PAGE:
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Predicting the Supreme Court from oral arguments

2015.03.05

Trying to predict the decisions of the Supreme Court is probably as old as the Court itself. And with many high profile cases being argued lately, the Court has been in the news a lot (see here, here, and here). People have developed statistical approaches such as {Marshall}+, and there is even a Fantasy SCOTUS league where anyone can make their predictions. Here’s a great story about some of these efforts and how well they do.

Commentators often stress how important oral arguments are in getting a sense of how the justices will vote. But statistical or machine learning approaches have focused on the case history rather than the oral argument. I’ve changed that, building what I believe to be the first machine learning Supreme Court predictor that uses oral argument features.

My model predicts outcomes correctly over 70% of the time and provides a probability for each prediction. If this was a spam filter that accuracy would be terrible, but for a Supreme Court predictor, it’s pretty great.

And I’ll toot my own horn for a second and say that I did all this from start to finish in three to four weeks.

Screen Shot 2015-03-05 at 3.41.28 PMYou can find my predictions of current and historical cases at courtcast.org. I haven’t had much time to make an awesome front-end, so you have to enter the docket number of the case. But there are links to the Supreme Court website to find the docket numbers. And hopefully my site doesn’t crash if it actually gets some traffic.

So far in this session I’ve correctly predicted the five decisions released. And here are some of my predictions for the high-profile cases argued so far:

– For yesterday’s Affordable Care Act case (14-114) my model predicts a 60% chance the ACA will be upheld.

– For the Arizona gerrymandering case (13-1314) I predict a 75% chance that Arizona will win and gerrymandering will continue.

– For the Abercrombie & Fitch headscarf case (14-86) I predict a 69% chance that the Equal Employment Opportunity Commission will win.

Perhaps the most impressive part of this is that my accuracy is so high while completely ignoring any information about the case itself other than the way the justices act during arguments. My model doesn’t know what kind of law it is, or which district court the case came from, or who the lawyers are. It only really knows how the justices ask their questions.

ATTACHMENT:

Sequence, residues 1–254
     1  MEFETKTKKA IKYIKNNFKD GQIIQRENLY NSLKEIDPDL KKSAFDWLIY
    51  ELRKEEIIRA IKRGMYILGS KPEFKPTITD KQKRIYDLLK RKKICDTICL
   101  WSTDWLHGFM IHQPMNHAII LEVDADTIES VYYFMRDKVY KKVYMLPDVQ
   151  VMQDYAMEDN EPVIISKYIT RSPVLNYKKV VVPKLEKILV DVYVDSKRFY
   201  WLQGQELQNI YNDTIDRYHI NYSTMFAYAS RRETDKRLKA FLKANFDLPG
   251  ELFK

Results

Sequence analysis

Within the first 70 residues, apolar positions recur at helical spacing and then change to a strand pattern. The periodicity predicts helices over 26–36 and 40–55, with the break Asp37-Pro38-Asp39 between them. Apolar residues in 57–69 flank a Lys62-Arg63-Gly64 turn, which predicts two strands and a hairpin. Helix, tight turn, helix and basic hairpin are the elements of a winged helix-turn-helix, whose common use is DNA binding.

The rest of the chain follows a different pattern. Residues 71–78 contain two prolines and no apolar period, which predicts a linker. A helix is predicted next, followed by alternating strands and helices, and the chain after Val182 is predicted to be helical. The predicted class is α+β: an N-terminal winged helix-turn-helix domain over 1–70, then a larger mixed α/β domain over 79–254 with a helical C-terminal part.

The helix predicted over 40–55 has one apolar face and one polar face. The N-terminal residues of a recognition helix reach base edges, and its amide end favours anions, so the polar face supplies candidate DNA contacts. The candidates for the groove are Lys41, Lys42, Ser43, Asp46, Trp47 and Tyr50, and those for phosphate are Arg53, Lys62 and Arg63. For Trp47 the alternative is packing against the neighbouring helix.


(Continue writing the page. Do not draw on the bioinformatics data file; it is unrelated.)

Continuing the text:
Here are some technical details about the model and features:

I downloaded all of the transcripts of oral arguments from 2005-present from the Supreme Court’s website, converted them from pdfs to text files, then then did some natural language processing on the arguments to extract a set of features I thought might be important. More about those soon. I then built a machine learning classifier to predict the case outcome using only the features I extracted from the oral arguments of that case and trained it on cases argued prior to 2013.  I use a linear SVM classifier (although logistic regression also works well) evaluated with cross-validation. I then tested the model by trying to predict the cases from 2013-2014, and correctly predicted the outcome over 70% of the time.

I’m not predicting individual justice votes here, only the case outcome. Because in practice a 9-0 loss is just as bad as a 5-4 loss.

The features I selected are the relative number of words each justice says to each side, the relative sentiment (positive/negative) of those words to each side, and the number of times each justice interrupts each lawyer, along with a few others. The interruptions are my personal favorite and I’ve never heard anyone suggest them as an indicative feature before.

The intuition here is that in general, if a justice asks more questions they are trying to poke holes in your arguments. If their questions are more negative that is bad for you. And if they cut you off they disagree. Anthony Kennedy seems to be the exception here: if he asks you more questions that is bad, but if he interrupts you more that is good!

I also only track five justices: Scalia, Kennedy, Roberts, Breyer, and Ginsburg. These are the five justices for whom I have complete data from 2015-present. I could use Justice Kagan, for example, but would have less data for her on which to train the model. These five comprise the ideological center of the court and one from each flank. Since the justices votes are highly correlated, this gives a lot of power to account for ideology in prediction without having to follow all nine justices.

The obvious next step is to use the predictions of {Marshall+} as a prior probability and combine it with the oral argument data to give a posterior estimate of the outcome.

You can view, download or modify my code from my github page.

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